On October 9, 2007, the Department extended the initiation deadline by 20 days to poll the domestic industry in accordance with section 702(c)(4)D) of the Act, because it was “not clear from the petitions whether the industry support criteria have been met...” See Notice of Extension of the Deadline for Determining the Adequacy of the Antidumping Duty Petitions: Lightweight Thermal Paper from Germany, the Republic of Korea, and the People's Republic of China; and the Countervailing Duty Petition: Lightweight Thermal Paper from the People's Republic of China, 72 FR 58639 (October 16, 2007).
On October 12 and 15, 2007, we issued polling questionnaires to all known producers of jumbo rolls and converted slit rolls of lightweight thermal paper identified in the petitions, submissions from other interested parties, and by the ITC. The questionnaires are on file in the CRU in room B-099 of the main Department of Commerce building. We requested that each company complete the polling questionnaire and certify their responses by faxing their responses to the Department by the due date. For a detailed discussion of the responses received see the Germany Initiation Checklist, Korea Initiation Checklist, and PRC Initiation Checklist (collectively, “Initiation Checklists”) at Attachment II.
Our analysis of the data indicates that the domestic producers of lightweight thermal paper who support the petitions account for at least 25 percent of the total production of the domestic like product and more than 50 percent of the production (by quantity and U.S. dollar sales value) of the domestic like product produced by that portion of the industry expressing support for, or opposition to, the petitions. See Initiation Checklists at Attachment II. Accordingly, the Department determines that the industry support requirements of section 732(c)(4)(A) of the Act have been met. Therefore, the Department determines that the petitioner filed these petitions on behalf of the domestic industry because it is an interested party as defined in section 771(9)(C) of the Act and it has demonstrated sufficient industry support with respect to the antidumping investigations that it is requesting the Department initiate. See Initiation Checklists at Attachment II.
Allegations and Evidence of Material Injury and Causation
The petitioner alleges that the U.S. industry producing the domestic like product is being materially injured, or is threatened with material injury, by reason of the individual and cumulated imports of the subject merchandise sold at less than normal value (NV). The petitioner contends that the industry's injured condition is illustrated by reduced market share, increased inventories, lost sales, reduced production, reduced capacity and capacity utilization rate, reduced shipments, underselling and price depression or suppression, lost revenue, and a decline in financial performance. We have assessed the allegations and supporting evidence regarding material injury and causation, and we have determined that these allegations are properly supported by adequate evidence and meet the statutory requirements for initiation. See Initiation Checklists at Attachment III (Injury).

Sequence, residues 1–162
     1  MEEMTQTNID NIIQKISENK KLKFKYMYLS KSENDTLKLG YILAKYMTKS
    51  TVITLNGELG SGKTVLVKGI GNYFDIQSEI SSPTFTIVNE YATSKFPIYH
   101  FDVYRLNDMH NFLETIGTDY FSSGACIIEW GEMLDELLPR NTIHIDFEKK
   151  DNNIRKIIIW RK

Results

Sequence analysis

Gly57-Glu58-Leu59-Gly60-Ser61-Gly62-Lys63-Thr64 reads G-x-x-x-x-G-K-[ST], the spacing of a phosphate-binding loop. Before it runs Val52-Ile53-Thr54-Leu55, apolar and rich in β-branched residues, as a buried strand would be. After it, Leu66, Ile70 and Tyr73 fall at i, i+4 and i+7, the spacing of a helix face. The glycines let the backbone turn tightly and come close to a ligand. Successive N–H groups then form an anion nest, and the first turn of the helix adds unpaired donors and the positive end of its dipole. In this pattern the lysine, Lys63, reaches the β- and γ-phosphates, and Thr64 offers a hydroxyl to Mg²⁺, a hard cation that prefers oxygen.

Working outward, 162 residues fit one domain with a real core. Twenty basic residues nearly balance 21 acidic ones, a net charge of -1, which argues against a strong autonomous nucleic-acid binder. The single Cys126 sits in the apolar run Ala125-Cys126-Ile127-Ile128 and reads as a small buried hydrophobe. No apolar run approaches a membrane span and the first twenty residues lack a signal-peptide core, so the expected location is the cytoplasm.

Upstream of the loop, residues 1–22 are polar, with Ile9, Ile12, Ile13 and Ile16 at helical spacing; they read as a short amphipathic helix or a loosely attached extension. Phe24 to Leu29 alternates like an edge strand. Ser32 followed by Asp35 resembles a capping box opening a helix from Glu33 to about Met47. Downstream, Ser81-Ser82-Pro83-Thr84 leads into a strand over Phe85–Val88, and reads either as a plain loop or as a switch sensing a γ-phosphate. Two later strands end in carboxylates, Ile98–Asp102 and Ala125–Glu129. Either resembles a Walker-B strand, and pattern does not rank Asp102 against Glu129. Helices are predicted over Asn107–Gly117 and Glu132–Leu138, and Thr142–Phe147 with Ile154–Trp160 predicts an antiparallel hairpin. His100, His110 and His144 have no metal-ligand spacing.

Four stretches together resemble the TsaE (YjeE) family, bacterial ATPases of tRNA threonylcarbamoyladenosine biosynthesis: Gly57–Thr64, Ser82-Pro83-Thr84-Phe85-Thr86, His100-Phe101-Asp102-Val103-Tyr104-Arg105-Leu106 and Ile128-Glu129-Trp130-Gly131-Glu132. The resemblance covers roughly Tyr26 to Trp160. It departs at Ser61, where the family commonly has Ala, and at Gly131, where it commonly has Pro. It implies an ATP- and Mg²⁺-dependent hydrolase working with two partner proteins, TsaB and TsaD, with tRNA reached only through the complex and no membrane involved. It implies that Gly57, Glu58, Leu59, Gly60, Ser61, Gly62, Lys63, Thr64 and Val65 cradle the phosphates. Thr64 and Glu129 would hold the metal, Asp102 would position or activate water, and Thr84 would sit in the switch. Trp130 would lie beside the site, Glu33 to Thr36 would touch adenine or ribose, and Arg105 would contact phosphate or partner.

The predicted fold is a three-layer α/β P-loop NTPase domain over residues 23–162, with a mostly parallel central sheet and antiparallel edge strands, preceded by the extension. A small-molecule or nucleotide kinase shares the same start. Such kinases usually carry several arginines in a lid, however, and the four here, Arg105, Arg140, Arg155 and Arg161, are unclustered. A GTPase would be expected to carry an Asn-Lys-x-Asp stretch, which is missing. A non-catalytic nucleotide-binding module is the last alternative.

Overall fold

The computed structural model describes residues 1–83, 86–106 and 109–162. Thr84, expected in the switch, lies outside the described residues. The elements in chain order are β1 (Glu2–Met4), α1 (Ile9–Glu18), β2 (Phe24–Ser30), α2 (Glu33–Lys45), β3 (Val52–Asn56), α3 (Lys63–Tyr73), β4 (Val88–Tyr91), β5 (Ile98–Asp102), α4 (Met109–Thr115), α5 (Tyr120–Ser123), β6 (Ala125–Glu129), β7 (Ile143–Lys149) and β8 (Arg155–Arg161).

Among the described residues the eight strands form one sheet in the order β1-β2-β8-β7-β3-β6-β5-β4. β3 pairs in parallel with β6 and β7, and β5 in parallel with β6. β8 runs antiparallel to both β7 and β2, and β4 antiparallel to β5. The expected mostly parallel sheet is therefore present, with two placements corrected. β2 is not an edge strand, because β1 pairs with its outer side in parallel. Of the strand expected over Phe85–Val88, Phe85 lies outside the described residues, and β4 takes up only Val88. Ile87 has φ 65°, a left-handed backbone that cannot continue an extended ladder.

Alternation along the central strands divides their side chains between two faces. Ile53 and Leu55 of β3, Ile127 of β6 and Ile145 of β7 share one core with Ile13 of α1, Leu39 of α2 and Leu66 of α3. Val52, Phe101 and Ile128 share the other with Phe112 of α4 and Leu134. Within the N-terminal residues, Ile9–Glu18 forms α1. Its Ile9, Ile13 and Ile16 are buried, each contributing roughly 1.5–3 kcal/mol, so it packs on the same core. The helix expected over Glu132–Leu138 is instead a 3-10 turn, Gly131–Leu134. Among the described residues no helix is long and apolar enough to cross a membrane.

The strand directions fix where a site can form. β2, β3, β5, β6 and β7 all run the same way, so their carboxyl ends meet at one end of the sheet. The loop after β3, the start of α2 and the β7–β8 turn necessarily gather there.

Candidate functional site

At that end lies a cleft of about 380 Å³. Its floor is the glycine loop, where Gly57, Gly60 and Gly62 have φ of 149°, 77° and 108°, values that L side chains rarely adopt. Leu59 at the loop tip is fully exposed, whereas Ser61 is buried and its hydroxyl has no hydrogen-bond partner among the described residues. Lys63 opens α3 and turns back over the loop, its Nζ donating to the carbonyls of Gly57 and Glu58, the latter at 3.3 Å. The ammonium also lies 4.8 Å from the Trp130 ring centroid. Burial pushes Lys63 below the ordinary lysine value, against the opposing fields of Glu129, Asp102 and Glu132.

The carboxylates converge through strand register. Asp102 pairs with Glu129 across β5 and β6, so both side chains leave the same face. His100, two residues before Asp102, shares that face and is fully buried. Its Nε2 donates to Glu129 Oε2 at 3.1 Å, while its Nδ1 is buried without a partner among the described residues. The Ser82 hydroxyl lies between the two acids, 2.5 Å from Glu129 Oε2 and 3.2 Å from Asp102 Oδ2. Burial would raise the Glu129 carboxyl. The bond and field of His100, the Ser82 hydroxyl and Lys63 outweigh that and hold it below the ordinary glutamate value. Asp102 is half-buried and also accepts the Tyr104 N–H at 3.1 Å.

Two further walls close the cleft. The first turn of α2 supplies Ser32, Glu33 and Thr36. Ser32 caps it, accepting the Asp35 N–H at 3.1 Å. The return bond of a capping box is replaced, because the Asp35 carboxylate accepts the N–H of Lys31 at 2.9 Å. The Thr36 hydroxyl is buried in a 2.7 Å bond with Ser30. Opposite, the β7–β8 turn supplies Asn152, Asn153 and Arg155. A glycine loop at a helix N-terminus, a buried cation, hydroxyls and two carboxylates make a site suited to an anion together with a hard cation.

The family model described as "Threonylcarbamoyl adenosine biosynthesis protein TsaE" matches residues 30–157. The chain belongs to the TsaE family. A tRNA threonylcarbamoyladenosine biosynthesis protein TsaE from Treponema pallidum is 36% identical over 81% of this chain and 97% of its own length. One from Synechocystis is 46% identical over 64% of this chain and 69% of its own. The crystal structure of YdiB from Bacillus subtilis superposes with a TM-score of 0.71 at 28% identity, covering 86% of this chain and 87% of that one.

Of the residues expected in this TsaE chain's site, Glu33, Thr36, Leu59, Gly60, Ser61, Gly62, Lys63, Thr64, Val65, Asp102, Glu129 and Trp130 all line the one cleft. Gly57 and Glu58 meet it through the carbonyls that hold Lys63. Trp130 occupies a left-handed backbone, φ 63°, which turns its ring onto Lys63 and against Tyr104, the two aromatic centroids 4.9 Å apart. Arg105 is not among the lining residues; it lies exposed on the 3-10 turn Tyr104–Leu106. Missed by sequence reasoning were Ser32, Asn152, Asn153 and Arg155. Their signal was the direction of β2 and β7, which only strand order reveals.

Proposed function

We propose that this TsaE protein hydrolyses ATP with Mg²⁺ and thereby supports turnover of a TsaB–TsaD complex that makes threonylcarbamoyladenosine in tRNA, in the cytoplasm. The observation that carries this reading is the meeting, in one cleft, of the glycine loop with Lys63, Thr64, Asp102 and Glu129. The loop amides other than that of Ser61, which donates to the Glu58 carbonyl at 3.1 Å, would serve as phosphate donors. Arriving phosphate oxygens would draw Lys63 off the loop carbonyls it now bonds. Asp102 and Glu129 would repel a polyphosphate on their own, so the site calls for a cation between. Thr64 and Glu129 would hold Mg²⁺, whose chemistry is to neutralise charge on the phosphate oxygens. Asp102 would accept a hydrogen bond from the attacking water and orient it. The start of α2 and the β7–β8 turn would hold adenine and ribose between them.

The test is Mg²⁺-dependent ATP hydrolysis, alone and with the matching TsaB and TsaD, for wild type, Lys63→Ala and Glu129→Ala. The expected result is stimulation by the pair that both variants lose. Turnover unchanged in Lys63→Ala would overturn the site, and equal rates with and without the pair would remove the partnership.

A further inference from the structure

Allegations of Sales at Less Than Fair Value
The following is a description of the allegations of sales at less than fair value upon which the Department based its decision to initiate these investigations on imports of LWTP from Germany, Korea, and the PRC. The sources of data for the deductions and adjustments relating to the U.S. price as well as NV for Germany and Korea are discussed in greater detail in the Initiation Checklists. We corrected certain information in the petitioner's margin calculations for the PRC. The corrections are provided in detail in the PRC Initiation Checklist. Should the need arise to use any of this information as facts available under section 776 of the Act in our preliminary or final determinations, we will re-examine the information and revise the margin calculations, if appropriate.
Alleged U.S. Price and Normal Value: Germany